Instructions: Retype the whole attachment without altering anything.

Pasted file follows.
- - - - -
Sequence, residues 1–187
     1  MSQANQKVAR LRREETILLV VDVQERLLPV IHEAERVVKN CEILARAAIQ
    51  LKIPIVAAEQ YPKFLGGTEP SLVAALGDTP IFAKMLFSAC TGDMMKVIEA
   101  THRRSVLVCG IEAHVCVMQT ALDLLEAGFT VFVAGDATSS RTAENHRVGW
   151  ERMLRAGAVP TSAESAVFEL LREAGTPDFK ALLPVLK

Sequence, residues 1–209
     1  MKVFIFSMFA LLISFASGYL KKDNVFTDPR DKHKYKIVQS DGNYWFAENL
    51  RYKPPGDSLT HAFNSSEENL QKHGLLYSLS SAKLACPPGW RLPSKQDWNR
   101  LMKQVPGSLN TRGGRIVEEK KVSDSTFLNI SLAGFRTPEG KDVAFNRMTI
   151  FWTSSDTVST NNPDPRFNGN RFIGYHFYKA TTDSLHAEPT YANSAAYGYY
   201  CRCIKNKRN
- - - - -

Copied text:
Sequence, residues 1–187
     1  MSQANQKVAR LRREETILLV VDVQERLLPV IHEAERVVKN CEILARAAIQ
    51  LKIPIVAAEQ YPKFLGGTEP SLVAALGDTP IFAKMLFSAC TGDMMKVIEA
   101  THRRSVLVCG IEAHVCVMQT ALDLLEAGFT VFVAGDATSS RTAENHRVGW
   151  ERMLRAGAVP TSAESAVFEL LREAGTPDFK ALLPVLK

Sequence, residues 1–209
     1  MKVFIFSMFA LLISFASGYL KKDNVFTDPR DKHKYKIVQS DGNYWFAENL
    51  RYKPPGDSLT HAFNSSEENL QKHGLLYSLS SAKLACPPGW RLPSKQDWNR
   101  LMKQVPGSLN TRGGRIVEEK KVSDSTFLNI SLAGFRTPEG KDVAFNRMTI
   151  FWTSSDTVST NNPDPRFNGN RFIGYHFYKA TTDSLHAEPT YANSAAYGYY
   201  CRCIKNKRN